If this sort of witch hunt were to happen in the twenty-first century, accusations of encroachment on freedom of speech and other first amendment arguments would be made. Public outcry would be created to put the government back in its proper place, but comic books publishers didn’t have the lack of trust in government the media and American people carry today. With the escape from the Great Depression and victory in World War II, American’s had trust and sometime blind-faith in their elected officials. Comic book publishers followed this public sentiment by self-censuring themselves by creating the Comics Code Authority.

 

This organization, created and funded by comic book publishers, would review every comic before publishing and offer a seal of approval (Time). The CCA wrote up a set of guidelines that spelled out the comic book publisher’s willingness to fly right and play by the rules:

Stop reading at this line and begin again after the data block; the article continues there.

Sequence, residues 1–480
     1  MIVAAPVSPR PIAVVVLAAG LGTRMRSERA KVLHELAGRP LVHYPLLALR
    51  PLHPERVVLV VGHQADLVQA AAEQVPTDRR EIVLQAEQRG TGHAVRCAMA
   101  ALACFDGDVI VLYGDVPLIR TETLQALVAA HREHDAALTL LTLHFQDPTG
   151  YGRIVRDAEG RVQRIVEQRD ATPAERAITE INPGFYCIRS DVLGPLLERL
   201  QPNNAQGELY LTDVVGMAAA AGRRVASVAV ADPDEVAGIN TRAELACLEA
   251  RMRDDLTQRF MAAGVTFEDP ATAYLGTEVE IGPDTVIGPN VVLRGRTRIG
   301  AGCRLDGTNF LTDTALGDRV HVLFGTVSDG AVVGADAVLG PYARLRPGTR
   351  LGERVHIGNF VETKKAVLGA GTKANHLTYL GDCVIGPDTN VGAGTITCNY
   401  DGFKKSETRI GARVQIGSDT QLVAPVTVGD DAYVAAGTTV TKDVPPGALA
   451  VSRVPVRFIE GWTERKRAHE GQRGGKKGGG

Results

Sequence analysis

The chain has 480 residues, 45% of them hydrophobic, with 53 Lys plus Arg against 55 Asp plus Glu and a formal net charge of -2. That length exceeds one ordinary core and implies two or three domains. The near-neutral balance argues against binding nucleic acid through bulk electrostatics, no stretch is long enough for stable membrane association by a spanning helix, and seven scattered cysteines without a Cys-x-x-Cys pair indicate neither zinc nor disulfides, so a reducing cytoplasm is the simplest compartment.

Superman worked closer than ever with lawful authorities; Batman and Robin spent more time with girls; And Wonderwoman hung out more with Steve, but superhero relationships stayed at the level of grade school crushes… The code also enforced rigid rules of conformity. About authority, it said “Policeman, Judges, and Government Officials and respected institutions shall never be presented in such a way as to create disrespect for established authority” (Time).

 

These strict self-enforced guidelines had done the trick in removing government pressure from their industry, but the sales of comic during that time plummeted and it would be a long time before they would recover.

 

 

 

Conclusion